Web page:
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As Alaska leaders eye Permanent Fund earnings, cost will be felt in dividend checks

  • Author:
  • Updated: September 28, 2016
  • Published January 11, 2016

The governor's proposed reduction to the Alaska Permanent Fund dividend check -- a move designed to help the state balance its budget -- will exceed more than $15,000 for a household of four in the next three years.

That's according to an analysis by Alaska Dispatch News of the next three dividend checks using data from the Alaska Permanent Fund Corp. and the state's fall revenue forecast.

Compounding the loss to Alaskans is the fact that the next two dividend checks had been projected to grow to record amounts, if you don't count inflation.

Meanwhile, under Gov. Bill Walker's fiscal plan to balance the budget, the checks are expected to fall below the $1,000 proposed for 2016 checks, estimates show.

Advocates of the plan say that doing nothing would result in a panicky grab at the Permanent Fund in a few years, and checks would disappear altogether, unless there is a dramatic -- and unexpected -- turnaround in the low oil prices that are rapidly eroding the state's fortunes.

Walker said in a statement he's looking out for the long-term interest of Alaskans, not just a "few high years" of dividend payments. Stay on the current path, and dividends are gone by 2020, he said.

Experts say that could happen because the state's savings that are accessible to lawmakers will be wiped out by then, forcing them take drastic steps to keep government afloat, including using every available source of funding and leaving no money for checks.

"Our plan makes the Permanent Fund permanent," Walker said.

The question of how the state will close a $3.5 billion deficit is expected to dominate the legislative session this year.

A key part of the governor's broad plan to close the gap would overhaul the manner in which dividends are currently paid.

If the plan is approved by lawmakers, future dividend checks would come from oil royalties, instead of investment earnings from the $50 billion Permanent Fund. Instead, the fund's earnings under the plan would help pay for government.

Complicating the discussion in the Legislature this spring could be the large dividends estimated for the coming years, according to the analysis using projections released in late November by the Alaska Permanent Fund Corp.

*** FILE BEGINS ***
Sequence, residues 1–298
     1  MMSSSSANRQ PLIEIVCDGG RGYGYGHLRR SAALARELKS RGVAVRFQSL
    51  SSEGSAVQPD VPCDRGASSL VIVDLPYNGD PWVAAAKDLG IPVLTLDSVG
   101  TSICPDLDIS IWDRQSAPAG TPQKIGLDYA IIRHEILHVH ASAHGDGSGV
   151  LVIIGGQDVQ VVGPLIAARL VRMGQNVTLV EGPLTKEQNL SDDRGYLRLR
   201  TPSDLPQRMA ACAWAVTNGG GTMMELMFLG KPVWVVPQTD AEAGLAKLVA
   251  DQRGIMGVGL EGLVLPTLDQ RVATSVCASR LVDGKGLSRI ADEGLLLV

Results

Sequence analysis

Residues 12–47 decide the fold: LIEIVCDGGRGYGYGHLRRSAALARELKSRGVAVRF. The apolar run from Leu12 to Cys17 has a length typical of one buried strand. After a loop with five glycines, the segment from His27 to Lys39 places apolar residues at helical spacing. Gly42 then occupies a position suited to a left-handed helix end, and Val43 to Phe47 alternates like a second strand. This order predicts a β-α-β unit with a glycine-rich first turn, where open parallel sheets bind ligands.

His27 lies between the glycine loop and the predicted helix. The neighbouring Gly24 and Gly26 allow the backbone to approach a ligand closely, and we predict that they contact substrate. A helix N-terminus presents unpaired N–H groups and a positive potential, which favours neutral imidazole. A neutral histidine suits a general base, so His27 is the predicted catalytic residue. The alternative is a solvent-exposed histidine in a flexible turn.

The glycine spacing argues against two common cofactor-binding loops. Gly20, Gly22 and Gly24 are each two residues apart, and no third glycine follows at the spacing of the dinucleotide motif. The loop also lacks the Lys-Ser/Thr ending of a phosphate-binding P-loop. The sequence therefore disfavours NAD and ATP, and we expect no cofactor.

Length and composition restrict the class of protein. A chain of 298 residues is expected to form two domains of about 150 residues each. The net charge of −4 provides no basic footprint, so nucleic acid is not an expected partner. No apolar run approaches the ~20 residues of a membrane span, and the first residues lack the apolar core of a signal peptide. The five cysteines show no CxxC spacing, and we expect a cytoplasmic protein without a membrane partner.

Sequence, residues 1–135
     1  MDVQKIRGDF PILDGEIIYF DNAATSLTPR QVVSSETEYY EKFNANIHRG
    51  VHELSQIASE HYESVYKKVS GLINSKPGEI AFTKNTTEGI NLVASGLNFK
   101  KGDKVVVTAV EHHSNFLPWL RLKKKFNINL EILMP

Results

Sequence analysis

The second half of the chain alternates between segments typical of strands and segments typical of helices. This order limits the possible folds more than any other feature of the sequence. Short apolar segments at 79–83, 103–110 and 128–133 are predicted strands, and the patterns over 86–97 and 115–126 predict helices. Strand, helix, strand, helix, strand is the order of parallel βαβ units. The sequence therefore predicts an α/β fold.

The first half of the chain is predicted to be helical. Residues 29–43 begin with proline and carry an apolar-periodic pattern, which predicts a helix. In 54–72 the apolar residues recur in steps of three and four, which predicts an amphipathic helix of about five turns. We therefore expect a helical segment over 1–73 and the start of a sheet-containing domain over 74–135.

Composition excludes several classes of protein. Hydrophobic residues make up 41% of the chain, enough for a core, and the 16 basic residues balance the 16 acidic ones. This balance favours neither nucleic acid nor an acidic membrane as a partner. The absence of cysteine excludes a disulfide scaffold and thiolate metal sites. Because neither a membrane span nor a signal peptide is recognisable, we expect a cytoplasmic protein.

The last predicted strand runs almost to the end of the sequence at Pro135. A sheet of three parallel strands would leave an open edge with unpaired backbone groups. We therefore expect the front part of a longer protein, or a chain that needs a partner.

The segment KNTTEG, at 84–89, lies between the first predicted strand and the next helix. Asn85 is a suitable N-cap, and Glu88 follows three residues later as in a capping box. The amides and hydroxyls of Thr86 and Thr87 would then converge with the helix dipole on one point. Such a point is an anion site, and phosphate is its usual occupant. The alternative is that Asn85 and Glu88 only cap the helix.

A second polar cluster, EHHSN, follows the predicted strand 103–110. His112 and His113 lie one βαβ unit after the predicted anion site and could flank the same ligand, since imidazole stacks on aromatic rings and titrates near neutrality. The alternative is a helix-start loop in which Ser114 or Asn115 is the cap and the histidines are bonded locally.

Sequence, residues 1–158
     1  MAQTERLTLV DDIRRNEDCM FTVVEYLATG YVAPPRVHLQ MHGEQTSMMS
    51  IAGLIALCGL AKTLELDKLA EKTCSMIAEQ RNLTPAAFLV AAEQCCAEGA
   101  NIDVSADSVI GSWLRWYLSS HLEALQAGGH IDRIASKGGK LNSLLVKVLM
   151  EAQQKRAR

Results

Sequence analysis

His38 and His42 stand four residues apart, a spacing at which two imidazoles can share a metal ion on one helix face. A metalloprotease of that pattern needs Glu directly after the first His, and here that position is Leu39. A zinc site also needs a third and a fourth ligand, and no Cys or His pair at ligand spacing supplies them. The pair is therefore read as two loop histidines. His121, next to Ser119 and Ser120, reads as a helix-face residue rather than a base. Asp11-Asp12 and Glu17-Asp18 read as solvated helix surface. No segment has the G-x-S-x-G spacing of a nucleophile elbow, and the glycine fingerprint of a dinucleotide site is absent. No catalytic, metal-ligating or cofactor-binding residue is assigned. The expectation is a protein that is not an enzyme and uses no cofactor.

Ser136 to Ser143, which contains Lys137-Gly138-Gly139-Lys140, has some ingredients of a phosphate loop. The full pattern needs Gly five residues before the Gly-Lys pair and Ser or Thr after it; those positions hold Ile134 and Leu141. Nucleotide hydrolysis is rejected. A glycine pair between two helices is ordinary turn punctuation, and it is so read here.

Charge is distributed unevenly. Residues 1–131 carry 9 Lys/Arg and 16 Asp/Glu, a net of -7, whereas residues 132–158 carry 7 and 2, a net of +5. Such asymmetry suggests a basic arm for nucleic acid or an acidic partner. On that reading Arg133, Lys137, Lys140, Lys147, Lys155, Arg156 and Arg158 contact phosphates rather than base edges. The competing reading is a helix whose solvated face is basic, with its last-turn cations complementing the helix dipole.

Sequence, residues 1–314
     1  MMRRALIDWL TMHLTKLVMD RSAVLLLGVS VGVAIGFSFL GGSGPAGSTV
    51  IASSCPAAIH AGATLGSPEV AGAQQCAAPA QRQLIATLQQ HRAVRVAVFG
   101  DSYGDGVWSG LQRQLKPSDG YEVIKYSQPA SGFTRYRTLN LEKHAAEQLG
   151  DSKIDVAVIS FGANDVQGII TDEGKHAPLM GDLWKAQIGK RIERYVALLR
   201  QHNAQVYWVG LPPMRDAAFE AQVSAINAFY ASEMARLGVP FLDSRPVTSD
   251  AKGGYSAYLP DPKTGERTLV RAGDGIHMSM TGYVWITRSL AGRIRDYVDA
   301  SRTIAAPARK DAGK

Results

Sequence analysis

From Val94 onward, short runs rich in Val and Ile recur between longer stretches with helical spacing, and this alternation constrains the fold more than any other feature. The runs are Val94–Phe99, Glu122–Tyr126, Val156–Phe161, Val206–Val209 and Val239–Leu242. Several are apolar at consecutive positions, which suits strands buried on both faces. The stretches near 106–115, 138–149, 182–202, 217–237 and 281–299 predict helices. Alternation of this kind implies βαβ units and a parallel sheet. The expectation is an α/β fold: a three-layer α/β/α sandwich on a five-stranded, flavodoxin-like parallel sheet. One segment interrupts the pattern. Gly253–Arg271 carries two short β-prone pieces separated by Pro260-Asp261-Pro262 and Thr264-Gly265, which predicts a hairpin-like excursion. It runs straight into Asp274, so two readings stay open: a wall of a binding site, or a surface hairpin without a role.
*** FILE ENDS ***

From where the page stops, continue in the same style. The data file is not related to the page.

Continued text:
Last year's $2,072 check, a record when not counting inflation, is expected to be even higher for the next three years: $2,100 this fall, $2,250 in 2017 and $2,200 in 2018.

The governor's plan would provide dividends of $1,000 this year, $814 in 2017, and $905 in 2018.

Add it up, and over three years, the loss to a household of four would be about $15,300.

Gunnar Knapp -- director of the Institute of Social and Economic Research, the University of Alaska Anchorage's think tank -- said maintaining the current levels of high and rising dividend checks could come with dramatic costs.

"The only sustainable dividend is a smaller dividend," he said, "unless you're prepared to accept very significant budget cuts or very significant taxes."

Key House and Senate leaders said legislators may support using the earnings to pay for government, as long as budget reductions are made.

House Speaker Mike Chenault, R-Nikiski, said he wants to see cuts before the earnings are used. His colleagues are all over the map.

"Some are adamantly opposed, some would use it, and some are kind of in between," he said. "But you may get support for using Permanent Fund earnings if we feel the size of the budget has been reduced enough."

Sen. President Kevin Meyer said he likes the governor's proposal to overhaul the Permanent Fund. The idea may have support in the Senate, but cuts need to come first.

He wants to see state government reduced another $700 million to $800 million, similar to last year's reductions. The Senate will be looking for savings through reforms to Corrections, Medicaid and various tax credits, including the $500 million oil and gas tax credit program, he said.

Centralizing services that are currently duplicated across state agencies, such as IT, communications and purchasing, might also offer savings, he said.

"We've gone from $100 oil to $35 oil, and so we need to make that change before we start taking money from Alaskans," he said.

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